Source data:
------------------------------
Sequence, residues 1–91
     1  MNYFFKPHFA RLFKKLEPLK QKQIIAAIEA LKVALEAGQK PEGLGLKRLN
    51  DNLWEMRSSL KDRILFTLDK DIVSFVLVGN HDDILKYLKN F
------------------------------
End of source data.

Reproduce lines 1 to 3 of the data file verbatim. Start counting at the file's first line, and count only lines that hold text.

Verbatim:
Sequence, residues 1–91
     1  MNYFFKPHFA RLFKKLEPLK QKQIIAAIEA LKVALEAGQK PEGLGLKRLN
    51  DNLWEMRSSL KDRILFTLDK DIVSFVLVGN HDDILKYLKN F